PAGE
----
The film departments of UCLA and Southern California University had an annual film competition for students from both schools at a time when they and New York University were about the only schools in the country offering a degree in cinema. In 1967, I attended the showing at UCLA's Royce Hall, and George Lucas's THX-1138 was a standout work among many very good ones. Not only was it the audience's favorite, but the judges awarded it best picture. Lucas was called to the podium to accept his award. He seemed nervous and shy at the microphone, but then startled as he was interrupted at the microphone, apparently a surprise to all on stage, by a lawyer from Warner Brothers who announced that Warners was offering whoever won the competition the opportunity to turn it into a feature. That was of course George. It seemed an eternity while he stood speechless, mouth open. Warners already had the young Francis Ford Coppola under contract, so they assigned him as producer to George. I then saw the resulting feature "THX 1138" in 1971 at a theater in Hollywood. It was not great commercial success, but as we all know, the success of the George Lucas career is legendary.
*** This review may contain spoilers ***
This is the student film, made by George Lucas (during his days at the
film school), that his first feature film 'THX 1138' was based on. I
the complete title for the student film was 'THX 1138: 4EB (The Electronic
Labyrinth)'. If you have not seen this film, you may or may not want to
this review, because I will be explaining the film in detail... and the
movie is only about 15 minutes long. So read at your own risk. Also, If
have not seen the feature film version of 'THX', you may want to see the
student film first.(note: I am not sure where this film would be
it seems to be rare)
OK, on to the movie! This student film encapsulates the main ideas presented in the last half of the feature film version, in particular the final chase scene. When the film opens, we are introduced to THX's mate, who gives about the only piece of dialog in the whole film and sets up the action to come. We then watch THX run through various obstacles and places that seem to be mysteriously monitored and booby trapped by technicians that are never given a location as to where they are. they are just there, somewhere, watching THX. THX escapes, just as the technicians close in to capture him (which is not explained either), running away into the outside sunlight. I think it's safe to say that the student film and the feature film are both very different and very much alike at the same time. The feature film gives us an antiseptic landscape who's population sports clean shaven heads and seemingly doped up and programmed minds. This is not the case in the student film, where people not only have hair (that idea probably came later), but the people in the student film seem very coherent as to what is going on around them. Also, in the feature film, robotic police officers are the ones responsible for tracking down THX (though some mysterious technicians are shown working with the robots).The student film touches briefly on the theme that THX is unhappy with his mate, who claims to not be interested in a relationship that involves love. In the feature film, THX's mate is the one who encourages THX to love her, and ultimately to run away from his life. However, even though there are these differences, the one thing that remains constant and really ties the two films together is the use of environment. Disembodied sounds, unexplained animations that appear on screen like some targeting scope, and the use of stark corridors and rooms are all elements that appear as part of the environment of both films. Lucas uses very vague (or hardly any) suggestions as to what is all happening on screen. This can be seen in the feature film as well, but much more apparent in the student film. The student film is almost at an experimental level in it's vagueness. We see things that pop out of nowhere, but somehow make sense in a 'far off future' sort of way. It actually helps not to know certain things, as to suggest that what is happening is so far removed from our own experience in the present, that this has to be taking place in the future (maybe even in another dimension). This same vagueness can be seen in all of the Star Wars films, where not everything is explained in 'Star Trek technical Manual' style. Some things are better left to the imagination.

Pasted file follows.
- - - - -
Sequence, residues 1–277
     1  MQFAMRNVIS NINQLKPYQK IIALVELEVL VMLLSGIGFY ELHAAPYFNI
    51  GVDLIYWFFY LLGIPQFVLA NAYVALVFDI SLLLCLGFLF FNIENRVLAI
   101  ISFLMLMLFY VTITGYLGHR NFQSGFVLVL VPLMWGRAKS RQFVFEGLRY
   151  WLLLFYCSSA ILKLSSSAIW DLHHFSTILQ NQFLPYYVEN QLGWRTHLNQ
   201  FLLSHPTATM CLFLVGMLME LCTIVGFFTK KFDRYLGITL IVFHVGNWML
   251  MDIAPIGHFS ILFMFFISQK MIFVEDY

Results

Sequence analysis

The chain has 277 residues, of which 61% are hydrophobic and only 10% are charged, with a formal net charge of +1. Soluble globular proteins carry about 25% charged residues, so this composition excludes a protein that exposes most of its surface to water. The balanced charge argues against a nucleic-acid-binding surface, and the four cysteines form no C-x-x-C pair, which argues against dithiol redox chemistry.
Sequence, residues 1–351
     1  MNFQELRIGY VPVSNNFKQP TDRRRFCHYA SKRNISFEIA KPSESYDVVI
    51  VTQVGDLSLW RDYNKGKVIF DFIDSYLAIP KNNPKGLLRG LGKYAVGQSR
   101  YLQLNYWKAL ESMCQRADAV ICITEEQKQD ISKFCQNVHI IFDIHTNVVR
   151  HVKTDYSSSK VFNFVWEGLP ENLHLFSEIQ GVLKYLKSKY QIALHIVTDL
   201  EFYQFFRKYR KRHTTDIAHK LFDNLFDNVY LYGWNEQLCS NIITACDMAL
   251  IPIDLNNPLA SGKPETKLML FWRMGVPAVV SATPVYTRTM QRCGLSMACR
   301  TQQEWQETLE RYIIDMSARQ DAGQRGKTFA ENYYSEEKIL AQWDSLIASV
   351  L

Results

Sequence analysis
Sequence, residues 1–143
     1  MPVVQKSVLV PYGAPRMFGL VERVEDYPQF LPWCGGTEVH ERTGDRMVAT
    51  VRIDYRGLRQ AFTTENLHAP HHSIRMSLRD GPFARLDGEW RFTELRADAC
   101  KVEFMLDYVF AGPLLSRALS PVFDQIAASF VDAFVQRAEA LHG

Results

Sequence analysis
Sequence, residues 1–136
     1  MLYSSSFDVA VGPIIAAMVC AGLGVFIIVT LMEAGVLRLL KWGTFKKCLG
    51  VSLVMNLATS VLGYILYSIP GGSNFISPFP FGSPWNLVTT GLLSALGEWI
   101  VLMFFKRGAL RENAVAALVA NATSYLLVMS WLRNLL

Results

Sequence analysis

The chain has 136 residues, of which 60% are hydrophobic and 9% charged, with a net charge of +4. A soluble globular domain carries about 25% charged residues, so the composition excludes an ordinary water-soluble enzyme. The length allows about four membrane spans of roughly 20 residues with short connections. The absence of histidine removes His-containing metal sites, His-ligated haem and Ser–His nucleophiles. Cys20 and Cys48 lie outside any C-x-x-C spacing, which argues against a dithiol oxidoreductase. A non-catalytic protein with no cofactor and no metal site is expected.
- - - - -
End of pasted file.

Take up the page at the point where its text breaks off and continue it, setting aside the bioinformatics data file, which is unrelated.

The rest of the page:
As a student film, and especially for one made in 1967, this is a fairly good film. It wont come across to most folk as entertaining, maybe not even understandable, but that is because of the level at which the film works. The film also shows a bit of rough new comer film making. There are moments of forced acting, where it looks like Lucas told the participants to do certain things and they just went through the motions. There are locations that THX runs through that are very obviously parking lots. Lucas even uses an elevator car as a sort of sonic torture chamber. But somehow all of these things come together for an interesting sci-fi debut from the guy who would later bring us Star Wars.